Two bills pre-filed ahead of the Jan. 8 start of the Kansas Legislature's session would alter gun laws.
House Bill 2442 would ban the possession of any device or attachment to a semi-automatic firearm that is intended to enable the weapon to fire bullets in rapid succession, simulating an automatic firearm.
Stephen Paddock attached bump stocks to some of his weapons when he fired on a concert crowd in October in Las Vegas. The mass shooting claimed 58 lives.
The Trump administration is reviewing bump stocks and existing law. In the U.S. Senate and House, Sen. Dianne Feinstein, D-California, and Rep. Carlos Curbelo, D-Florida, introduced bills to outlaw the devices. The bills are pending.
California previously banned bump stocks and Massachusetts adopted a ban after the Las Vegas shooting. Other states are considering bans.
Neither Shooters Supply & Tackle in South Hutchinson nor Heartland Outdoor, also in South Hutchinson, sell bump stocks, although Shooters Supply said demand goes up when there is the talk of outlawing the device.
"That doesn't fit into the sporting/hunting side," said Heartland Outdoor's Roger Theede. "It's more tactical," he said of the firearm device.
Rep. Vic Miller, D-Topeka, sponsor of the anti-bump stock bill, said he had not heard of the device until the Las Vegas shooting. There is a federal ban on automatic firearms and he regarded the device as a way around that ban by boosting the rapid fire of a semi-automatic.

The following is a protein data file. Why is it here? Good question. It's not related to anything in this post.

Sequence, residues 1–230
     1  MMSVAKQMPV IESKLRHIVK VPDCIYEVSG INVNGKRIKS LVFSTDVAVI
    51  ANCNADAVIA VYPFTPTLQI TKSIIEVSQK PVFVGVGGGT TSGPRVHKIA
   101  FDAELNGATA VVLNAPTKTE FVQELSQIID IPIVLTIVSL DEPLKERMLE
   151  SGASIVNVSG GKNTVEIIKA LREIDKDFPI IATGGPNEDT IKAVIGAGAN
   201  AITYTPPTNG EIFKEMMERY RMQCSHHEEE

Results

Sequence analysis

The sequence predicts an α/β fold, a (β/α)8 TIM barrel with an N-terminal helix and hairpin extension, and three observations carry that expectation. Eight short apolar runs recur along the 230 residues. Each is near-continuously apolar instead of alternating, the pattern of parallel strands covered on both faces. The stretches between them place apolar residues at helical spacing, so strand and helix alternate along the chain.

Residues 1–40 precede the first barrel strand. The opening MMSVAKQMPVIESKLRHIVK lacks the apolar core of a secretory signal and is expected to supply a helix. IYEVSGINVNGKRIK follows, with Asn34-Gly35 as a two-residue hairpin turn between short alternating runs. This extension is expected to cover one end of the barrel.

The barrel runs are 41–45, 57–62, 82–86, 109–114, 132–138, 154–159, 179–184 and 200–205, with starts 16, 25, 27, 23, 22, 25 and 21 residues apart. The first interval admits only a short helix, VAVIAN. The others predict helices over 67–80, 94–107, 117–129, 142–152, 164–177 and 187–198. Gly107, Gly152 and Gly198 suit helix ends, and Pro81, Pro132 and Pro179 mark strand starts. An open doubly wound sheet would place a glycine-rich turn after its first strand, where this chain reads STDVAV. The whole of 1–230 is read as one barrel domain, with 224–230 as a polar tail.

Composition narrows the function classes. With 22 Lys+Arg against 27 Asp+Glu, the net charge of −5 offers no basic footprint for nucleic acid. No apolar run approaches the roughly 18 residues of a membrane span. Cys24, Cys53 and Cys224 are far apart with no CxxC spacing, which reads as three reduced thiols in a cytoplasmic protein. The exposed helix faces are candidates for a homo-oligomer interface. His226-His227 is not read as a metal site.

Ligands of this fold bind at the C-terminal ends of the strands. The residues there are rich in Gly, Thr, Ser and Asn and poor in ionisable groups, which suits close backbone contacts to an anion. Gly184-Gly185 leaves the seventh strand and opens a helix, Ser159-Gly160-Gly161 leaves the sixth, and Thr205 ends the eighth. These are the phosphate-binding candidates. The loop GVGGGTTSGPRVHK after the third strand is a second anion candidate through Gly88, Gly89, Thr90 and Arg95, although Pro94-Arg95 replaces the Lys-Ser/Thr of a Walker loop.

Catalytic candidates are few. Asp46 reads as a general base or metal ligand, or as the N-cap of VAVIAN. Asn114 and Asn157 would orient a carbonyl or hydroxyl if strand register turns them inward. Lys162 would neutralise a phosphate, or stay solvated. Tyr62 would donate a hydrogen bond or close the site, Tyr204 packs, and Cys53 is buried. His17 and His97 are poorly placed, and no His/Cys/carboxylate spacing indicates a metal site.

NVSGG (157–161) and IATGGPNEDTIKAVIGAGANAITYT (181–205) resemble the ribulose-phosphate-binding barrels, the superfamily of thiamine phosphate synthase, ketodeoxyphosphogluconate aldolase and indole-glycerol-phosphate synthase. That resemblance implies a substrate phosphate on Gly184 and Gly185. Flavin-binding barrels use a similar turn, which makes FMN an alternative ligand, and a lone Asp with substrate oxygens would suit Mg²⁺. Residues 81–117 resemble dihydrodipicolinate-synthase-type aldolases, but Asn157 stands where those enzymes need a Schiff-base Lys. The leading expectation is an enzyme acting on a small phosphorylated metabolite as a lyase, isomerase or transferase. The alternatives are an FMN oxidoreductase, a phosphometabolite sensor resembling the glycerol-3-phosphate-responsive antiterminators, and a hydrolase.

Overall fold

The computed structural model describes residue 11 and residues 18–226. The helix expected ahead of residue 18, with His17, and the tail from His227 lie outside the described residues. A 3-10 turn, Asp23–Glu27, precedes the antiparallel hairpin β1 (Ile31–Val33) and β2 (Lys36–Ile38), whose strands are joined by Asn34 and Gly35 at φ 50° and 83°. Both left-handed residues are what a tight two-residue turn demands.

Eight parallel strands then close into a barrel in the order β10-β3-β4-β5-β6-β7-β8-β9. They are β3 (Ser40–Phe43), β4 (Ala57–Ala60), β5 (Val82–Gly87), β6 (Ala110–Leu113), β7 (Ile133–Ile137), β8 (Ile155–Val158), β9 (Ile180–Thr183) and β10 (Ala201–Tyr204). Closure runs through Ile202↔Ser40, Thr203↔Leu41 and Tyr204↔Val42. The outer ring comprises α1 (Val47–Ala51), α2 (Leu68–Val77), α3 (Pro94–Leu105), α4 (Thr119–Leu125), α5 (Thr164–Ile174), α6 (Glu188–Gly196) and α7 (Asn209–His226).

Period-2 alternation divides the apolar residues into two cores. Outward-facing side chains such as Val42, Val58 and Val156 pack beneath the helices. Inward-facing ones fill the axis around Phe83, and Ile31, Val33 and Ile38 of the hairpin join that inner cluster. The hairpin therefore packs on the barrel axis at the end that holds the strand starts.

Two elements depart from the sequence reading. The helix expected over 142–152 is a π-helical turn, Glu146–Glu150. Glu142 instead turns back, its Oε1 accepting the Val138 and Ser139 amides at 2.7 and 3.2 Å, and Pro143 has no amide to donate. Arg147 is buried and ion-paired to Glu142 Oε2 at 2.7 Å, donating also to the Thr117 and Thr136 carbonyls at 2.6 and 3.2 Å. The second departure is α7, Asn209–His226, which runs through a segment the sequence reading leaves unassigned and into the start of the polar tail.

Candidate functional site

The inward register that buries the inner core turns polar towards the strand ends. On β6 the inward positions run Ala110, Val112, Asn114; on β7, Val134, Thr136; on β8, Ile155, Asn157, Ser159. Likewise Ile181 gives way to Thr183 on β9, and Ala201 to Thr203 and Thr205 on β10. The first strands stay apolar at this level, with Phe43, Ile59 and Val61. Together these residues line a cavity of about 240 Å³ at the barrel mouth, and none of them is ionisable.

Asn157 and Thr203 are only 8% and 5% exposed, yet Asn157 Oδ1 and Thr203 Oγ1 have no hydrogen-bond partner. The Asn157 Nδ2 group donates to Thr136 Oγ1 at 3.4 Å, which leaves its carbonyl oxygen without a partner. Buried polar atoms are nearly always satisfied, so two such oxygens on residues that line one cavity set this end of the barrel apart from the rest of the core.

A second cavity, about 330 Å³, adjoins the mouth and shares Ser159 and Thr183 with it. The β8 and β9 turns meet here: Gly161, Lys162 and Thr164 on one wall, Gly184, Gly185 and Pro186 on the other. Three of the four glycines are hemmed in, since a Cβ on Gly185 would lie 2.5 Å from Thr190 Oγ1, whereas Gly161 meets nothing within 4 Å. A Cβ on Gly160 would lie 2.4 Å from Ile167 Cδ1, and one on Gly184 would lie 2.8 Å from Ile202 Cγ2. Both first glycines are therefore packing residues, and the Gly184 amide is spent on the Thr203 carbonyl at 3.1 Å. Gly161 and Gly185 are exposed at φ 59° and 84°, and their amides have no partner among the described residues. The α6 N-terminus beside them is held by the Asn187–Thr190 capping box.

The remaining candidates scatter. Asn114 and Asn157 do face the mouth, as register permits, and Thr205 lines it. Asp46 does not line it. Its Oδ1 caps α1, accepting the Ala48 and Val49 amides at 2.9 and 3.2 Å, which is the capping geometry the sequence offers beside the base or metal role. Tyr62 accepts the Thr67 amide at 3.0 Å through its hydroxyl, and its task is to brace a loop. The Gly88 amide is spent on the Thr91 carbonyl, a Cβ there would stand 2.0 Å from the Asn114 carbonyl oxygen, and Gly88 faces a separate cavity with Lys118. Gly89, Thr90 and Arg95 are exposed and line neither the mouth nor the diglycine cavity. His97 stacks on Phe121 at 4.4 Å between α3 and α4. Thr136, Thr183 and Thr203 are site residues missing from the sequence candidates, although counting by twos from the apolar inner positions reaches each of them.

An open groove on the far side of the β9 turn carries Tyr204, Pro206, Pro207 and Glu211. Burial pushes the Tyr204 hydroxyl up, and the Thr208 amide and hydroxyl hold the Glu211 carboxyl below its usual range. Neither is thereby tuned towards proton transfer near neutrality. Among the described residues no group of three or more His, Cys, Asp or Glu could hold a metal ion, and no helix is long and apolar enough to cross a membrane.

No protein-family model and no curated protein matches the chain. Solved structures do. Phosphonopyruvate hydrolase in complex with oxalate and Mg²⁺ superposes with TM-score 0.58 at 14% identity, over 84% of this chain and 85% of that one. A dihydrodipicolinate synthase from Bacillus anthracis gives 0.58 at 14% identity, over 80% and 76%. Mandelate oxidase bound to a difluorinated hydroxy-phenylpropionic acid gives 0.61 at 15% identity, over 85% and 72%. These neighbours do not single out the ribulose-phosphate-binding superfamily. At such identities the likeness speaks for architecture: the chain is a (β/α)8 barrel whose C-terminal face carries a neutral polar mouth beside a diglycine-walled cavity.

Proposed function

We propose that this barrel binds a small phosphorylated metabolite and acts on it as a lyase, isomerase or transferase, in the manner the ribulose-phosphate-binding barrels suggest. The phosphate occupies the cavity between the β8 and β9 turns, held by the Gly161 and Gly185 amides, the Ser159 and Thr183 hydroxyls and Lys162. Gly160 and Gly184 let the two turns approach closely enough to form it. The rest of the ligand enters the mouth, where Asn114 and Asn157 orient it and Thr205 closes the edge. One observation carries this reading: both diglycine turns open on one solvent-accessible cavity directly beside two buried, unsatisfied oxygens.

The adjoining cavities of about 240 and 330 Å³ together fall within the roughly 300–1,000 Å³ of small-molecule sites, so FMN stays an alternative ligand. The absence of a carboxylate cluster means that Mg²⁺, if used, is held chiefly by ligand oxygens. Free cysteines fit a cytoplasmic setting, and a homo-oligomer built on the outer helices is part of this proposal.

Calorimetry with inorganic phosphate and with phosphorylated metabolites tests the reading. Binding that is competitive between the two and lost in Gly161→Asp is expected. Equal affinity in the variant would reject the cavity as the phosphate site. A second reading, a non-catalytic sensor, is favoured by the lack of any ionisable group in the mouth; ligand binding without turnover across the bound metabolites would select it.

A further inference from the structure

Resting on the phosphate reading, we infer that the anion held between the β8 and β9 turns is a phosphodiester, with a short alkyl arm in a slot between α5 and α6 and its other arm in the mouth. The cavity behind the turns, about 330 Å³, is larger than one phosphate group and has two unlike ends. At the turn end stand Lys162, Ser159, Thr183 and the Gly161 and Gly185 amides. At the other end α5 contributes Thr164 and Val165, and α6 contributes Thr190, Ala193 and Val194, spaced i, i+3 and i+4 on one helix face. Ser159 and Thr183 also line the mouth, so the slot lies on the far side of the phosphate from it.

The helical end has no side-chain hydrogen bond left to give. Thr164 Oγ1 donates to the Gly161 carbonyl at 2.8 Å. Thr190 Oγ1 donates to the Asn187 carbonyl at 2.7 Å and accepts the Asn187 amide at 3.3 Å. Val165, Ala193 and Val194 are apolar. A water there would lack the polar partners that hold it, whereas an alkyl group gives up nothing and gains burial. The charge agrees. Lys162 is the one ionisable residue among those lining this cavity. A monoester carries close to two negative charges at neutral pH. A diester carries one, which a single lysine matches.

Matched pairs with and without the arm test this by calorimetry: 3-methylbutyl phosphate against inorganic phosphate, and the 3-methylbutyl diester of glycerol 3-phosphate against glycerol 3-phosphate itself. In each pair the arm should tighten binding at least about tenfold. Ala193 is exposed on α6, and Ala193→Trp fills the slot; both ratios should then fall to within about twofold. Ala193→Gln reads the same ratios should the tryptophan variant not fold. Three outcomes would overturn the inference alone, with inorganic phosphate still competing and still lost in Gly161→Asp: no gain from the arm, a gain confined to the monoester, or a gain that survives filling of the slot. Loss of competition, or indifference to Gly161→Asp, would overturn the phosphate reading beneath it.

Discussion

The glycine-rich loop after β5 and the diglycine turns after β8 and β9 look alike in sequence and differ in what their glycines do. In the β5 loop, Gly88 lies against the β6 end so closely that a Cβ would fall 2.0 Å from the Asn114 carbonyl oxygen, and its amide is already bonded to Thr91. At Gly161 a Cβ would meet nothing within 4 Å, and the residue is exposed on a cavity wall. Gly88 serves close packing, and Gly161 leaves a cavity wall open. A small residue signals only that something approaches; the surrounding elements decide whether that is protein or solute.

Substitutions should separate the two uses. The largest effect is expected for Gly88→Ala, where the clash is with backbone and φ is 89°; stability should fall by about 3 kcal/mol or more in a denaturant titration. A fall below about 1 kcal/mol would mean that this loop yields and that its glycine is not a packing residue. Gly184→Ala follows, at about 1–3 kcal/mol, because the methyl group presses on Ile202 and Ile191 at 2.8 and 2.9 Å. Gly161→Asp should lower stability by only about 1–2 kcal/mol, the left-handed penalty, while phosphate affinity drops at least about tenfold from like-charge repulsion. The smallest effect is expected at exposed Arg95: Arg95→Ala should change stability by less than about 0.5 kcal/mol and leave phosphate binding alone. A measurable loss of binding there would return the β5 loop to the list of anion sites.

In 2017, Moriah Day, with the Kansas State Rifle Association's political action committee, was quoted saying the association opposed "any move to ban firearm accessories." The News was unable to reach Day on Tuesday.
Miller said it wouldn't surprise him if the bill encountered opposition.
Also, pre-filed Thursday was House Bill 2443, making it a misdemeanor to abandon or leave a loaded firearm in a public place that is accessible to the general public. The law would affect those who intentionally or accidentally leave a loaded firearm.
State Rep. Willie Dove, R-Bonner Springs, forgot and left his loaded firearm in a Statehouse committee room in early 2017.
"It is not directed at Rep. Dove, I want to make that clear, although it would cover an act like that," said Rep. Dennis "Boog" Highberger, D-Lawrence, who sponsored the new bill.
Highberger said he understands Kansas is the only state in the country where people can carry a handgun on a college campus without a permit or gun-safety training. This bill would attach responsibilities to the carrying of guns, in Highberger's view.
Another incident that attracted attention last year occurred when a handgun was found in a restroom in a Wichita State University classroom building. The gun belonged to a university employee.
The Class C misdemeanor is the lowest possible misdemeanor. The sentence can be up to a month in a county jail and/or a fine of up to $500. The actual punishment can be considerably less than the maximum allowed.
"It's not intended to be draconian," Highberger said.